When we look at this perspective foundationally and apply it to coaching today’s quarterback, I can confidently say that coaching today’s quarterback to a high level is beyond the scope of a vast majority of junior or high school coaches, either from a depth of knowledge standpoint or from an availability of time standpoint. The Quarterback position may be the most difficult position to play proficiently in all of sport. Many agree that it’s also the most under coached. So while I will give you development content and self-improvement drills for your quarterbacks in these articles, I do suggest that you encourage your aspiring quarterback to get outside help from a qualified quarterback coach either through camps or private coaching. As a head coach or coordinator, you’re not expected to know the fine details of developing quarterbacks. In addition, you shouldn’t be opposed to outside coaching because scheme is not something that these sorts of camps and coaching get into. They predominantly coach only widely accepted foundational techniques and skills. In my experience, if a coach has any resistance to outside coaching from a reputable quarterback coach then it’s normally ego driven. Even the top NCAA and NFL Quarterbacks still seek outside help when it comes to fine tuning their mechanics.
How to Identify the best candidate for playing quarterback
Often times a coach at the high school level will utilize what I call the ‘show up athlete’ approach. Here, they take their best overall athlete who can throw the ball well enough to run the system at a decent level. This can work and you can win a lot of games if you have a great supporting cast but it rarely wins championships and you can’t build consistent year-in and year-out success with this approach.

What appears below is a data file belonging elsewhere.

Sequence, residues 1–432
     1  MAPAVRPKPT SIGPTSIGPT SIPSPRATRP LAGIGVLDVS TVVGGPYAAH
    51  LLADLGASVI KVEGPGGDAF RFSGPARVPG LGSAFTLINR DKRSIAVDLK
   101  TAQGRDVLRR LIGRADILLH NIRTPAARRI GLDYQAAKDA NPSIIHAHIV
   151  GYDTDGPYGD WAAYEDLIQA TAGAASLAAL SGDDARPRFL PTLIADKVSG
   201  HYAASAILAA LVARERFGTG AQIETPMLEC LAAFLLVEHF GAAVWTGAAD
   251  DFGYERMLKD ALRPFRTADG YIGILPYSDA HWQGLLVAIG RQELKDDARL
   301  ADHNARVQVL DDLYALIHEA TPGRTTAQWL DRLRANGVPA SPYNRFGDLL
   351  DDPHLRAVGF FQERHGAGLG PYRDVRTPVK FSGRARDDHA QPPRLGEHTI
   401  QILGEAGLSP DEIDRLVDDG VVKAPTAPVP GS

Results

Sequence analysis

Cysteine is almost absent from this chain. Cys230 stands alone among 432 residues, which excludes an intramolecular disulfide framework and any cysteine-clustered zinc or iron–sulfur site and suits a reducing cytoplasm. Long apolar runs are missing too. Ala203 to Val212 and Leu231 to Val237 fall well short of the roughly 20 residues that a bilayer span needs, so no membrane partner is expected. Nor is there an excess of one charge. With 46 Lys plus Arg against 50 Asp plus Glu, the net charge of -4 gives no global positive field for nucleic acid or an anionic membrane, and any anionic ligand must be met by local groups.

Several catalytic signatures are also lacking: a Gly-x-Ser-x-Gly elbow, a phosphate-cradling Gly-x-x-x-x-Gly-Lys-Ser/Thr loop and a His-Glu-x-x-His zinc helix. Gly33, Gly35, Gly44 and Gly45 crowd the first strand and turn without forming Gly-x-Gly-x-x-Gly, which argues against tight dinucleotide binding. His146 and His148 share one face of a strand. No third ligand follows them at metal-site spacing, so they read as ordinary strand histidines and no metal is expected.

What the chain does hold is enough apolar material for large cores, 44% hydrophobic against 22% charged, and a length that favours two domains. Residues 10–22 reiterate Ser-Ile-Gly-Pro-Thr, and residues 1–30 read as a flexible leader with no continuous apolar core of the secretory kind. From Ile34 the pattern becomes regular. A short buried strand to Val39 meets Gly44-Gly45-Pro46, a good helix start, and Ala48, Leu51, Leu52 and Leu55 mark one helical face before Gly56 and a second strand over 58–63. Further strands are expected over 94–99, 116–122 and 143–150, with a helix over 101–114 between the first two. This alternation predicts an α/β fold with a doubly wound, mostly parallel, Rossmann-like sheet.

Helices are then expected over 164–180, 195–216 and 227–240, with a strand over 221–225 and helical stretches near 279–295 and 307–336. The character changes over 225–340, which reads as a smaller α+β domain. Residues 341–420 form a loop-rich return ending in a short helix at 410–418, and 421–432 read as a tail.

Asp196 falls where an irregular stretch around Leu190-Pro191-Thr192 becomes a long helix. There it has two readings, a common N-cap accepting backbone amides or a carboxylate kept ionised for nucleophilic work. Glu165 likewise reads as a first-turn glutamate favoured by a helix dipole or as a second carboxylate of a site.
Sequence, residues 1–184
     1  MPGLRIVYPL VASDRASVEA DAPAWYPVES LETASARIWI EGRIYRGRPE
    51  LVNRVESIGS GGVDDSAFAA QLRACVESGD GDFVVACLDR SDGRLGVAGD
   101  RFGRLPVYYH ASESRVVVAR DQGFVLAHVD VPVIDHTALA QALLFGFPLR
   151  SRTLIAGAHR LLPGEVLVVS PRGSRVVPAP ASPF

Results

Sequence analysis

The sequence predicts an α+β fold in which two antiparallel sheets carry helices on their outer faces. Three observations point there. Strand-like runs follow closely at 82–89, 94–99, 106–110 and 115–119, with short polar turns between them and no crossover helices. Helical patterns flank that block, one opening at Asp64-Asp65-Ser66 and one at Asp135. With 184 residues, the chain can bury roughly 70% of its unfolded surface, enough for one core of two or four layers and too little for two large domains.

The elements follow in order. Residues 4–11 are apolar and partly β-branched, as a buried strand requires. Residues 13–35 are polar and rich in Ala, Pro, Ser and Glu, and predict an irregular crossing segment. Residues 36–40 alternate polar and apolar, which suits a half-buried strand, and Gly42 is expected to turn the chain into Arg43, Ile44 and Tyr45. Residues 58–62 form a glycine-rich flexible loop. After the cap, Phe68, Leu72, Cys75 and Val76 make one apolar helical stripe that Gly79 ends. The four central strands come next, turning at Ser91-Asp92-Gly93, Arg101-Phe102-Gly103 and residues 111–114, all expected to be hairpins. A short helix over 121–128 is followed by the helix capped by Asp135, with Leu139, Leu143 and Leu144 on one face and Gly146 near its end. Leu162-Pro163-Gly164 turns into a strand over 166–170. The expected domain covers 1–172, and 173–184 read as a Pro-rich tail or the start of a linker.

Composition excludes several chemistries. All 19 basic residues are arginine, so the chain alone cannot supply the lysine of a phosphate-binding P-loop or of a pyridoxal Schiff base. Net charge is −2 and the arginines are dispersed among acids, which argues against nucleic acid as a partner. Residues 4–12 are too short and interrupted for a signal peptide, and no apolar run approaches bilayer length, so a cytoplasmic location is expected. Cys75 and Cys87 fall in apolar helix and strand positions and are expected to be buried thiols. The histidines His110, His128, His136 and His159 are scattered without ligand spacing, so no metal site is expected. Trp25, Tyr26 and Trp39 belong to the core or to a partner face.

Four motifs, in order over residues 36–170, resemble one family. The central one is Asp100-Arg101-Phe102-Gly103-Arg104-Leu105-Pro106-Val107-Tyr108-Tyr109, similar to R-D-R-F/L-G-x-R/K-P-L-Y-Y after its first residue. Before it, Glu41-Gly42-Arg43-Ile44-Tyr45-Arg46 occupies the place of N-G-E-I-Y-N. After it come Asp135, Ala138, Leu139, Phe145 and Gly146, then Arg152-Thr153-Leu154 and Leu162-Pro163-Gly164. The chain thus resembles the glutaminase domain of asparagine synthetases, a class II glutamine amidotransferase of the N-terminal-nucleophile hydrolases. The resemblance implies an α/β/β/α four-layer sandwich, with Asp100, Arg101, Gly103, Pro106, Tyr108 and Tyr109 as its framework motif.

Ideally, you want to find kids at an early enough age—ideally 7th and 8th grade level athletes—who either are or can be inspired by the challenge of being a quarterback. Kids at this age can be groomed for leadership plus they haven’t developed any bad mechanical habits that can be very difficult, if not impossible, to break. Finding athletes who are inspired by the challenge of being a quarterback is a lot different than playing quarterback. The show up athlete method above defines athletes who play quarterback but they’re normally not quarterbacks in terms of everything that being a quarterback entails. I’ll take it a step further and say that I often see highly drafted NFL athletes playing quarterback but predictably, they normally never lead their organization to high levels of success and their careers are normally short lived. You see, being a quarterback involves so much more. It requires a strong foundation of both character and leadership upon which relationships, work ethics, models and coaching systems can be built (Fig 2). Ultimately, this is the product that will represent the face of your organization and will be largely responsible for how successful it can be. Renowned leadership author, John Maxwell, defines The Law of the Lid (Fig 3) as a predictable measure of any organization’s maximum level of success being just below the level of its leadership. So, on a scale of 1 to 5, if Leadership is a 4 then organizational success will never be above a 3. If Leadership is a 2 then potential organizational success maxes out at 1. When applied to a football organization, leadership would represent the administration or front office, the head coach and to a large degree the quarterback. So when it comes to your quarterback, Character and Leadership are of great importance!